The new standard takes the sensitive nature of school populations and the unique building characteristics and maintenance conditions found in schools into consideration and presents the most rigorous product emissions criteria to-date.

The new standard can be viewed at (

Calendar of Events

3/9/06 Green Strategies for Historic Buildings
Beaufort, SC

3/16/06 Healthcare Lighting
Cleveland, OH

3/20/06 Management Models for Capital Projects and Facilities Management
Hilton Head, SC

3/23/06 The Roof Consultants Institute’s 2006 Convention
Phoenix, AZ

3/27/06 NeoCon West
Los Angeles, CA

For more information, visit (

RCMA Releases Technical Note on White Coatings
The White Coatings Council of the Washington, D.C.-based Roof Coatings Manufacturers Association (RCMA) released a TECH NOTE (TN-06) titled “Overview of White Coatings and their Application.”

This technical note outlines the technology of white reflective coatings for commercial roofing. For building owners, facilities managers, and others, the TN-06 serves as an introduction to a wide selection of excellent product literature available from white coating manufacturers.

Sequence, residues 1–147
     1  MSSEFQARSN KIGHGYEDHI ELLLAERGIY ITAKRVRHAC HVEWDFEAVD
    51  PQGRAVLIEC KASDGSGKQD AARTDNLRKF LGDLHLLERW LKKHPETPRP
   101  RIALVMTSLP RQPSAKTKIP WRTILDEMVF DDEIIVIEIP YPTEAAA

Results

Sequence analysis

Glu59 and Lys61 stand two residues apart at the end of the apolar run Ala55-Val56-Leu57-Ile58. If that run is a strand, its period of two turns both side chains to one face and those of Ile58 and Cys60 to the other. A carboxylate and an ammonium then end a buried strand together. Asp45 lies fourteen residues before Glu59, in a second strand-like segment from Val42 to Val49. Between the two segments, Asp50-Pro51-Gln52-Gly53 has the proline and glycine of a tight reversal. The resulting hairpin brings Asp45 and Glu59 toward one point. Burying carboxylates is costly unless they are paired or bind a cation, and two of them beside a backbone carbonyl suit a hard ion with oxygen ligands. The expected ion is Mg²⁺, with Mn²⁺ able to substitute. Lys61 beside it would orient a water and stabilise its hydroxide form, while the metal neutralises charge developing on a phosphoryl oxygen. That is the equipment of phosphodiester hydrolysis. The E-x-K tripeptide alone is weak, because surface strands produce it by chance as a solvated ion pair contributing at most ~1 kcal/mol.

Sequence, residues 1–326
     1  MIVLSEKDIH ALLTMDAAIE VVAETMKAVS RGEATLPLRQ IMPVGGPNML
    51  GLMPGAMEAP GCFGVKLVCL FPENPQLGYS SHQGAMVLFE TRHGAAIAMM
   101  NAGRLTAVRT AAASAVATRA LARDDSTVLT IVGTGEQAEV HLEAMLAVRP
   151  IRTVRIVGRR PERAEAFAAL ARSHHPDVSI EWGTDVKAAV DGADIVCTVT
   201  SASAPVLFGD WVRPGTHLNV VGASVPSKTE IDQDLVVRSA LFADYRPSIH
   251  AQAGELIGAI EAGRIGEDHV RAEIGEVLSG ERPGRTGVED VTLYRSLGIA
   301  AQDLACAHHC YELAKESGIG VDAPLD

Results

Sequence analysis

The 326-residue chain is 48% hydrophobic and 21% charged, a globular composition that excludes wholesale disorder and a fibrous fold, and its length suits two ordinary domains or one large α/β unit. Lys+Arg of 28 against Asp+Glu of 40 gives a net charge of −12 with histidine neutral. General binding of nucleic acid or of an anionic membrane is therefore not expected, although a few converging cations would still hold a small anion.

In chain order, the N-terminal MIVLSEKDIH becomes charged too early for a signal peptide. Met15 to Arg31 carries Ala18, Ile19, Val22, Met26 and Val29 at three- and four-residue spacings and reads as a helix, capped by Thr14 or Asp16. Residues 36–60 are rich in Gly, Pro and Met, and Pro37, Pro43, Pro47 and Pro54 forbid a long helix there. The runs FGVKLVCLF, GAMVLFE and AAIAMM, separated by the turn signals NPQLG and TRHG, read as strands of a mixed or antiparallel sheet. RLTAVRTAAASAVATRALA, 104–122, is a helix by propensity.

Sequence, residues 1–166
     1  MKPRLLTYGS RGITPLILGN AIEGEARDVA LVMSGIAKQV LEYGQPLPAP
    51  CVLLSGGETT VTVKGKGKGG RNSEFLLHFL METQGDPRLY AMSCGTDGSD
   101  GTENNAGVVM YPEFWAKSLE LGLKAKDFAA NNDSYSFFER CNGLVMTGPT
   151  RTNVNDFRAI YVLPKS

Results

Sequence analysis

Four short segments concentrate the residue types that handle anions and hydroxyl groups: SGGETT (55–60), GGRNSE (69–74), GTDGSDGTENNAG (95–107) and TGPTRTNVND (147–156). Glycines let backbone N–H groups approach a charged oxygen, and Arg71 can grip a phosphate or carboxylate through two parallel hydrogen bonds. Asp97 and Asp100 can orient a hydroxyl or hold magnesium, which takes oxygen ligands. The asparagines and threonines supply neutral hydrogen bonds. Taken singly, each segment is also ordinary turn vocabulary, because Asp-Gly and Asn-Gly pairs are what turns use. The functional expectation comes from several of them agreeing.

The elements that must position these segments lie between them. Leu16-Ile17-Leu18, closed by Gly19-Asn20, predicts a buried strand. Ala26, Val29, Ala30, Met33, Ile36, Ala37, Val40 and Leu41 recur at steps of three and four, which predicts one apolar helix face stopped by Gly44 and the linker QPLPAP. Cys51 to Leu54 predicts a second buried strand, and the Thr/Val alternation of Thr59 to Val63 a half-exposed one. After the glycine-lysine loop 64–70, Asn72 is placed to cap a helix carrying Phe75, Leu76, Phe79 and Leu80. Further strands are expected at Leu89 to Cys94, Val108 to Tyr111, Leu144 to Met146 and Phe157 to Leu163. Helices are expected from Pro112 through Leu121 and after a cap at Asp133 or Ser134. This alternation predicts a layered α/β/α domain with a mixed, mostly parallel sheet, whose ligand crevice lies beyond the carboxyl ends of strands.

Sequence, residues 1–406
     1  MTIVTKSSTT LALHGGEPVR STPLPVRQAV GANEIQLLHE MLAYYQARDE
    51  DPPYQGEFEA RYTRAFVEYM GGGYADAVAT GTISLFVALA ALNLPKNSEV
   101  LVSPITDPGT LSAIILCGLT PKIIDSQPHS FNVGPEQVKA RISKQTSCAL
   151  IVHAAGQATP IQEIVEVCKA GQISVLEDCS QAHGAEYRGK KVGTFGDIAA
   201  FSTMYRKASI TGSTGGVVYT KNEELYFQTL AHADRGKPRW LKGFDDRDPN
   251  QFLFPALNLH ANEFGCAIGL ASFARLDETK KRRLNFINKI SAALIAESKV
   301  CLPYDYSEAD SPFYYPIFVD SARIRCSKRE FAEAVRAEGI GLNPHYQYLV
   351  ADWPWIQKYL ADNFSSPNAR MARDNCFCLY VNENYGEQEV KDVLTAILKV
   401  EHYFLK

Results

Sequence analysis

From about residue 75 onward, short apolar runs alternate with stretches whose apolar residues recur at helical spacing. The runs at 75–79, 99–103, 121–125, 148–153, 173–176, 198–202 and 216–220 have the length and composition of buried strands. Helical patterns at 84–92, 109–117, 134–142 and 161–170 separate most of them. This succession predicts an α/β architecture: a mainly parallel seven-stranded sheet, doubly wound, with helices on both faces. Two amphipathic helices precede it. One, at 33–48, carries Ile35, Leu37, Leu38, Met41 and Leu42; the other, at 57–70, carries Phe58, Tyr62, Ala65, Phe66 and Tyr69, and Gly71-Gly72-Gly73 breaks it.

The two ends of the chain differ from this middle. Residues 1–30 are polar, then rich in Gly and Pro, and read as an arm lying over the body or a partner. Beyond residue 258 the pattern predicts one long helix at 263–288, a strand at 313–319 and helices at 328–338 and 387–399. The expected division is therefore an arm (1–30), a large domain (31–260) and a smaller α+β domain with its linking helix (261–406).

“In light of rising energy costs, it is more important now than ever before to spread the word on the availability of white coating products,” says Thomas L. Meyer, chairman of the White Coatings Council. “We are committed to convincing commercial building owners and designers that white coatings are easy to understand, easy to apply, and cost-effective. They result in big savings to building owners and, perhaps more important, they positively affect the environment by reducing energy consumption.”

To order a copy of the TN-06, visit (

Tilt-Up Concrete Association Announces 2006 Tilt-Up Achievement Winners
The Mt. Vernon, IA-based Tilt-Up Concrete Association (TCA), a non-profit international organization that serves to expand and improve the use of tilt-up as a preferred construction method, has announced the recipients of the 2006 Tilt-Up Achievement Awards.